9 months ago

I have lost all respect for MSU. Football and basketball are not the only sports out there; and a pool serves not only the swim team but also the community (faculty and staff for exercise, swim lessons, etc). This is a Big 10 university that should support swimming! It is a mainstream sport enjoyed by millions. This is a state surrounded by huge Great Lakes!

YES, they should build a new modern 50Mx25y competitive pool (as part of a complete aquatic facility, includinga recreational outdoor pool). In the meantime, until that new facility is complete, they must reinstate both swim teams (Mens/Womens) and act like a real Big 10 university.

9 months ago

Dear Michigan State Swimmers,

You are always welcomed with the boys of SMU here in Dallas.

We have a great coach, a great program, and most importantly, the weather is beautiful.

9 months ago

The NCAA has more money than many developing nations. Swimming—like other “non-revenue” sports— are part of our Olympic team and should be supported by the NCAA. Football is profitable for only a select few schools despite their ridiculous outlays of cash. And sports are about more than the revenue generated: they’re about excelling as a student athlete both in the classroom and on the field. This football-centric view of the world is very short-sighted. Princeton University has a decent football program for the Ivy League but due to a commitment from the school and loyal alumni it has excellent “non-revenue” sports programs that can compete with Power Five schools and routinely sends athletes to the Olympics.

9 months ago


Interesting read. The editor-in-chief of swimswam being against reinstatement of the MSU team and twitter-beefing with the MSU coach was not on my 2022 Bingo Board.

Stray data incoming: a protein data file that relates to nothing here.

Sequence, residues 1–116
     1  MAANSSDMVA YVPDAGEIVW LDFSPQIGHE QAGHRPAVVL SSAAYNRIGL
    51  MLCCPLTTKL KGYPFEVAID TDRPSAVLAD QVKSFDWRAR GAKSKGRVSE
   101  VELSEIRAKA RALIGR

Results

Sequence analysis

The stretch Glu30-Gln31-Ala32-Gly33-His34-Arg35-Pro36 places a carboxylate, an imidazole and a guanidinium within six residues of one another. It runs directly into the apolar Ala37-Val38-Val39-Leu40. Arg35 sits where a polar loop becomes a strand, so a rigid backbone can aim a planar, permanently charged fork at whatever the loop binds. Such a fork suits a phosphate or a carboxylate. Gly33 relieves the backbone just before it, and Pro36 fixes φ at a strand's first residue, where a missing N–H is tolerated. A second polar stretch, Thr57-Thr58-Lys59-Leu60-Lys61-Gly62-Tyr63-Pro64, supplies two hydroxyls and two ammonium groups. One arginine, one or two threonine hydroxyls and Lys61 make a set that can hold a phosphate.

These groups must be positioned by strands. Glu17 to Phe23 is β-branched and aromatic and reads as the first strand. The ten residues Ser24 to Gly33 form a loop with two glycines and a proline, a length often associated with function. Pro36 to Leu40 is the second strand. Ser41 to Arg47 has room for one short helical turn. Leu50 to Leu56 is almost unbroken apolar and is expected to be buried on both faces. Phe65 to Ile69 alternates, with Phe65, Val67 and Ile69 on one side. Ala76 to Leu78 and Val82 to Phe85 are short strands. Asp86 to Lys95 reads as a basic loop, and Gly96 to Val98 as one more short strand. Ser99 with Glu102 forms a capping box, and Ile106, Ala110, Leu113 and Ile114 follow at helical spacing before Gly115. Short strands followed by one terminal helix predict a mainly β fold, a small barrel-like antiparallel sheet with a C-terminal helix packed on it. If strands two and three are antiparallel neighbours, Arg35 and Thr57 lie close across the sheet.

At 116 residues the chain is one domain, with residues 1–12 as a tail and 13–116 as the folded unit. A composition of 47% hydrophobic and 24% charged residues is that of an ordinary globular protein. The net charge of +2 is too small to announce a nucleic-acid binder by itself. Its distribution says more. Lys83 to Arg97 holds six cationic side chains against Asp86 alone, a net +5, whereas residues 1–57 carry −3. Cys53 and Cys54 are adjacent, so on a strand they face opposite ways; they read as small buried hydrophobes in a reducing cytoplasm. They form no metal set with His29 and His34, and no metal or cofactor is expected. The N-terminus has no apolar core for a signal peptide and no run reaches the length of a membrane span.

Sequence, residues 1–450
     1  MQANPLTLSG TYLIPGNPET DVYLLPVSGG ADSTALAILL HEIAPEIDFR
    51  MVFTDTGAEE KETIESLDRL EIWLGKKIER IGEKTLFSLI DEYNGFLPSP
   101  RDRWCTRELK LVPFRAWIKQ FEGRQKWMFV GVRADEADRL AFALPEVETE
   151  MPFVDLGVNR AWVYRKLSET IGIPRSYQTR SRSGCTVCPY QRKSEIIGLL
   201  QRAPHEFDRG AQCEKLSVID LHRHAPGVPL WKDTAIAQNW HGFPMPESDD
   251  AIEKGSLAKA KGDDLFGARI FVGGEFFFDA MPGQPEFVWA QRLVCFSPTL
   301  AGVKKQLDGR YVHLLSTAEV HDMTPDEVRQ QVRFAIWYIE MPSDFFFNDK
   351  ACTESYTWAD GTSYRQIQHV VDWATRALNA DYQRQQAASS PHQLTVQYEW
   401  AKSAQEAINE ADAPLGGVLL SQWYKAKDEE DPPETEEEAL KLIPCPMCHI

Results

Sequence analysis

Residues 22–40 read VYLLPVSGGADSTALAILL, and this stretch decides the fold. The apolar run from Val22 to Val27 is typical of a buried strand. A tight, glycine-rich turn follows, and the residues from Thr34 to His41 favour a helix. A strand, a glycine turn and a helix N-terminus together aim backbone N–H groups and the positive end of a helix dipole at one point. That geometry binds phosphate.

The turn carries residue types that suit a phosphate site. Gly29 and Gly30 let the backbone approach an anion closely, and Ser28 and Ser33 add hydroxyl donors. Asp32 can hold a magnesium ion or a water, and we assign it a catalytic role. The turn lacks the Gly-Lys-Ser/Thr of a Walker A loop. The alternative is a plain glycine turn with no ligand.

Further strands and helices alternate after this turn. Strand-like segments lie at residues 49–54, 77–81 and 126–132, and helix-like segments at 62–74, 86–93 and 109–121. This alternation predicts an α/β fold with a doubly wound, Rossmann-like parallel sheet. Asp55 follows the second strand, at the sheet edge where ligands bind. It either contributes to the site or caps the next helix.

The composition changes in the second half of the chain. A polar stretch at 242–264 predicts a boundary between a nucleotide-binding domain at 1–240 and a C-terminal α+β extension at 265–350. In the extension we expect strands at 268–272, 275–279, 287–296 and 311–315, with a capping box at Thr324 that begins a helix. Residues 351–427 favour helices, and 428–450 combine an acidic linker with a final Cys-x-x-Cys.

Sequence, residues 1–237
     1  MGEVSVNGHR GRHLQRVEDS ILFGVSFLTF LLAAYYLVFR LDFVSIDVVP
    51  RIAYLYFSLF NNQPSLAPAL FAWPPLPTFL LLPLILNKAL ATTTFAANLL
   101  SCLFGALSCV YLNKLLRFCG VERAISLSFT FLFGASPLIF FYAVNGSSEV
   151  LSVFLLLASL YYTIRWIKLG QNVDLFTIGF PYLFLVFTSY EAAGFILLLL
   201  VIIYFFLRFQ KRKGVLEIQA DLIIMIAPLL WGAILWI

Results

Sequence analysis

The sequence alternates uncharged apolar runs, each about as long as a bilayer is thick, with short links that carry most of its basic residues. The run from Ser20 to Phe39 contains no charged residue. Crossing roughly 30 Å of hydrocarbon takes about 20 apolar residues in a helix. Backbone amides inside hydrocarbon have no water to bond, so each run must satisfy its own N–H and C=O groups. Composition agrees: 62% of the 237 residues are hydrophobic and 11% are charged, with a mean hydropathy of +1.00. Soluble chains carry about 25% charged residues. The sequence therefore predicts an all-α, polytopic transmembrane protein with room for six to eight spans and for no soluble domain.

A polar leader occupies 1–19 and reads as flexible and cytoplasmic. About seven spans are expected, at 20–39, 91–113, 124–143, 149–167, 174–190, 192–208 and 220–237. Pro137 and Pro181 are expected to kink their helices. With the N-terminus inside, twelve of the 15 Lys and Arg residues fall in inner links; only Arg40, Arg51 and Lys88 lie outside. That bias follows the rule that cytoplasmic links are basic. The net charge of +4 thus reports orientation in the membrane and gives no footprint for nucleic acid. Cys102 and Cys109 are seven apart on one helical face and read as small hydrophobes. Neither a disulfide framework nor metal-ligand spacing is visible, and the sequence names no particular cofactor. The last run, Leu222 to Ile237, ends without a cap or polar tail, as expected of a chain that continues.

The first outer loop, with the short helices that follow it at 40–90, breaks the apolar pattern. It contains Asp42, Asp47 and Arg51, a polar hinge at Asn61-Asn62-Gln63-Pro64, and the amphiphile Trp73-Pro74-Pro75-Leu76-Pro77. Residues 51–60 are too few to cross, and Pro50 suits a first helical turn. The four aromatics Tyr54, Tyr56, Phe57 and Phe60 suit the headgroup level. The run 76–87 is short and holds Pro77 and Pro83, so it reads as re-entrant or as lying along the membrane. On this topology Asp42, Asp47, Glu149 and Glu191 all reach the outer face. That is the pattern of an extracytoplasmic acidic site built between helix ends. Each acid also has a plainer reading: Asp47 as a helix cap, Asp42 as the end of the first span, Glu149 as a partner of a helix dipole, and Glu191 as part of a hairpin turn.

Reply to  TheMenguin
9 months ago

You think I’m against reinstatement of the MSU team? Hot take.

Reply to  Braden Keith
9 months ago

At least you didn’t refute the twitter beef allegations lmaooooo

Bear Down
Reply to  TheMenguin
9 months ago

pointing out that MSU swimming is bad program does not mean it shouldn’t exist, it was absolutely a bad program (possibly the worst power 5 men’s team with scholarships?)

Reply to  Braden Keith
9 months ago

You’re right. From that thread, it seems like you’re against college swimming itself… given that swim (or any other olympic sport for that matter) will NEVER be a revenue sport, no matter how hard they try. To an athletic department, the argument isn’t about facilities or coaching, it’s about whether you want to provide for student athletes whose program is operating at a loss. And frankly, most college swim programs are.

Dee Septer
Reply to  TheMenguin
9 months ago

This program has been a joke for 20 years and nobody cared about it until it was cut. They were uncompetitive not because of facilities but because of their terrible coaching staff and how they conducted themselves. Good riddance

VA Steve
9 months ago

Not a surprise. Compare with the University of Maryland. Perfectly good facility used for USA swimming events regularly, and with a good history, and poof, no program.

Reply to  VA Steve
9 months ago

The DMV club teams greatly benefitted from being able to compete at their pool!

Reply to  HOOlove
9 months ago

DMV (Potomac Valley LSC) club teams STILL have the majority of their championship meets at the phenomenal UMD pool. But it’s too bad the only power-5 school in the DMV doesn’t have a team.

Tiger Swammer
9 months ago

I’m getting PTSD of what they did to Clemson 2010-2012. Same exact reasons – they felt we couldn’t be competitive without a 50m pool and they weren’t going to spend the money to build it. We offered to pay for it ourselves and they still said no. And then our pool broke down for a full year and we didn’t even have a pool to train at and still sent people to NCAAs.

When a university is done with a swimming program, unfortunately there’s not much outside sources can do. Still, wishing all the swimmers and their families the best of luck <3

9 months ago

Just my 2 cents here ok!? Could the Battle Group engage with Teresa Sullivan? She’s a delightful person and former UVA President now Interim Provost at MSU and was very supportive of the swim and dive teams at UVA.

About Riley Overend

Riley is an associate editor interested in the stories taking place outside of the pool just as much as the drama between the lane lines. A 2019 graduate of Boston College, he arrived at SwimSwam in April of 2022 after three years as a sports reporter and sports editor at newspapers …